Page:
After Zionism, published in 2012 and 2013 with co-editor Ahmed Moor, brings together some of the world s leading thinkers on the Middle East question to dissect the century-long conflict between Zionism and the Palestinians, and to explore possible forms of a one-state solution. Time has run out for the two-state solution because of the unending and permanent Jewish colonization of Palestinian land. Although deep mistrust exists on both sides of the conflict, growing numbers of Palestinians and Israelis, Jews and Arabs are working together to forge a different, unified future. Progressive and realist ideas are at last gaining a foothold in the discourse, while those influenced by the colonial era have been discredited or abandoned. Whatever the political solution may be, Palestinian and Israeli lives are intertwined, enmeshed, irrevocably. This daring and timely collection includes essays by Omar Barghouti, Jonathan Cook, Joseph Dana, Jeremiah Haber, Jeff Halper, Ghada Karmi, Antony Loewenstein, Saree Makdisi, John Mearsheimer, Ahmed Moor, Ilan Pappe, Sara Roy and Phil Weiss.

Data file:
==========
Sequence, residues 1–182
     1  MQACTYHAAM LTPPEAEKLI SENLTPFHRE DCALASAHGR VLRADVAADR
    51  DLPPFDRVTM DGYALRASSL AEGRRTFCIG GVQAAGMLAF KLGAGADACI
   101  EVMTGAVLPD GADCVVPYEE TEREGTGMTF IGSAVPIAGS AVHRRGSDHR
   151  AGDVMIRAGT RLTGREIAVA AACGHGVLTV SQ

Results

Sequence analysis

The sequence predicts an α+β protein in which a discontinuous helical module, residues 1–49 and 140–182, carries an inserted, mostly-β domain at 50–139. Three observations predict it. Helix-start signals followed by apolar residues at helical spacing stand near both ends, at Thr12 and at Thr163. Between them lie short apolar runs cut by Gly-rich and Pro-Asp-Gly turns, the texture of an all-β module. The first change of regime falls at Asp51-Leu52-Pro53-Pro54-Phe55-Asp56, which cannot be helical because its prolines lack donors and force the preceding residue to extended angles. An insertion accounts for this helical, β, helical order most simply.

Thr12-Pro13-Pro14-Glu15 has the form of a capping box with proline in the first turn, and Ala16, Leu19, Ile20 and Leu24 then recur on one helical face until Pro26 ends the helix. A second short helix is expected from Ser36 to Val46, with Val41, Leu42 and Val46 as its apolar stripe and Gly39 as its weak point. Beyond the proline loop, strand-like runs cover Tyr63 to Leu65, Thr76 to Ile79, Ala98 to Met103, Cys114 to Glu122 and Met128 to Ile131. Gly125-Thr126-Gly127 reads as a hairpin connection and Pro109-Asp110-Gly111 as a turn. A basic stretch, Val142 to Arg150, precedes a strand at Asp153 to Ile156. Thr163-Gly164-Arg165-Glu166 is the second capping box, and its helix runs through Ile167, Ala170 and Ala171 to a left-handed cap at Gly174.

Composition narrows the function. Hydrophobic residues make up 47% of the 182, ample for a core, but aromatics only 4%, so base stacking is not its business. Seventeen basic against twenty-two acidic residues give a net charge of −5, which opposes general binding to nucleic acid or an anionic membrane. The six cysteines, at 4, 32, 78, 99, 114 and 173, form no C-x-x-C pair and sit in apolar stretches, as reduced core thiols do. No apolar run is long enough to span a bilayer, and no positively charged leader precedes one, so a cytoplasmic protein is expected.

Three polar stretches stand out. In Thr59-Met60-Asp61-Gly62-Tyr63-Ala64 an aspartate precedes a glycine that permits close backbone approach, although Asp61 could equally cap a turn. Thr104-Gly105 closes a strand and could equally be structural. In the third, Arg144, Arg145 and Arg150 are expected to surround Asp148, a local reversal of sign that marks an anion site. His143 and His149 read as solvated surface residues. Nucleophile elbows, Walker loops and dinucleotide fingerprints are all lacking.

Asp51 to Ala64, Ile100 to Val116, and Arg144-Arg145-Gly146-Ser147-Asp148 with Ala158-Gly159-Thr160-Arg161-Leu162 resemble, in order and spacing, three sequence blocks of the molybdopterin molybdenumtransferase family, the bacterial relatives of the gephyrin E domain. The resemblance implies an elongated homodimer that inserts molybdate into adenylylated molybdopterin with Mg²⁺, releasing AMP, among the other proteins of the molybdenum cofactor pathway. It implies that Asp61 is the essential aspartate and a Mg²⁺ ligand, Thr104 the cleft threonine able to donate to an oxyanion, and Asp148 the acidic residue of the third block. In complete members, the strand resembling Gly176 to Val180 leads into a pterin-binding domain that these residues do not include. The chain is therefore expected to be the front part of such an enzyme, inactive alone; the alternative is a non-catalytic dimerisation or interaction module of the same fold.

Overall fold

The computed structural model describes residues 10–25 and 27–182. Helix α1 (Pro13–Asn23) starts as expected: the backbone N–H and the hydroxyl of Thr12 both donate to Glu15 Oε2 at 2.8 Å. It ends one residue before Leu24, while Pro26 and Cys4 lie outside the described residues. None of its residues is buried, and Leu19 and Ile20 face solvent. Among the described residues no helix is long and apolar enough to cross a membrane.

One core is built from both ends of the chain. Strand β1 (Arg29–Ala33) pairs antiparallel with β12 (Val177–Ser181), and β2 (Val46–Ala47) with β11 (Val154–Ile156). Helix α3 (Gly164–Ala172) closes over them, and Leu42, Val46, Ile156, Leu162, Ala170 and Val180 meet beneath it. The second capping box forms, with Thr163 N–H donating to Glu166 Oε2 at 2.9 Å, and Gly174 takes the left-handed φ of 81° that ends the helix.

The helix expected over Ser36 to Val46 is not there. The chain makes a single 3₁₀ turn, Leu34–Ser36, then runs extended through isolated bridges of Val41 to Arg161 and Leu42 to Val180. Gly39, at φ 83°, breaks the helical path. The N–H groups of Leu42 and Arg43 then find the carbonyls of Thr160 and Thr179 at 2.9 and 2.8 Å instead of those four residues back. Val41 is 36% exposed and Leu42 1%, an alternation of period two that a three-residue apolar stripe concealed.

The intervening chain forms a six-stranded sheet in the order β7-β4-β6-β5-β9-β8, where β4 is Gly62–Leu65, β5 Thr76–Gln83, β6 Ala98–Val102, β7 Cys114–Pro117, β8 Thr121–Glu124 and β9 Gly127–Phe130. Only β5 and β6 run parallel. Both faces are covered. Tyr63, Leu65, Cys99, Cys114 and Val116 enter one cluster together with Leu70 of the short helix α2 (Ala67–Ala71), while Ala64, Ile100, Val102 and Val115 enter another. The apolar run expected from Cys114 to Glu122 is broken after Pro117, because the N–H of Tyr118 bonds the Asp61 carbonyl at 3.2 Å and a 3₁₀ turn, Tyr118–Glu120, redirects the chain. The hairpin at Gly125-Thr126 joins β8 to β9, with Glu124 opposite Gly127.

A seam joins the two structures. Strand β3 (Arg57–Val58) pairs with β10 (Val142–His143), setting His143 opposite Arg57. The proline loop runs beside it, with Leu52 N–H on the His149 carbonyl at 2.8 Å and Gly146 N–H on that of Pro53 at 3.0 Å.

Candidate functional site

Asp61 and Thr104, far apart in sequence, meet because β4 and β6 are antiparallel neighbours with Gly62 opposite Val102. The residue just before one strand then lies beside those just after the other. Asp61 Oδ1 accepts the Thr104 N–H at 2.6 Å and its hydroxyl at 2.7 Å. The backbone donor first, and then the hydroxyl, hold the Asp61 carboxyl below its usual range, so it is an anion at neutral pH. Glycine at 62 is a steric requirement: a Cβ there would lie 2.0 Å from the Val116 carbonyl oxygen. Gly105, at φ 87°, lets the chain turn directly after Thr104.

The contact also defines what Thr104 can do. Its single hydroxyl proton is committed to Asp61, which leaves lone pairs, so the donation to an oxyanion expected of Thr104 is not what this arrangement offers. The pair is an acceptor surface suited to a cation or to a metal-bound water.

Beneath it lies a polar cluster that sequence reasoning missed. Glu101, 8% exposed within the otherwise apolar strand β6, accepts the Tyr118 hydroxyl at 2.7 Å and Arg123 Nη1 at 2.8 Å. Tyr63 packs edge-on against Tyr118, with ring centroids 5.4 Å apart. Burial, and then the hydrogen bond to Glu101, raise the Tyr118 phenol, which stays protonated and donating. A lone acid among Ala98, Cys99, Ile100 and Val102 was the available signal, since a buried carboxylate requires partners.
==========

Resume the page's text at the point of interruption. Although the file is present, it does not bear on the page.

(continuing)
The 2008 financial crisis opened the door for a bold, progressive social movement. But despite widespread revulsion at economic inequity and political opportunism, after the crash very little has changed. Has the Left failed? What agenda should progressives pursue? And what alternatives do they dare to imagine? Left Turn, published by Melbourne University Press in 2012 and co-edited with Jeff Sparrow, is aimed at the many Australians disillusioned with the political process. It includes passionate and challenging contributions by a diverse range of writers, thinkers and politicians, from Larissa Berendht and Christos Tsiolkas to Guy Rundle and Lee Rhiannon. These essays offer perspectives largely excluded from the mainstream. They offer possibilities for resistance and for a renewed struggle for change.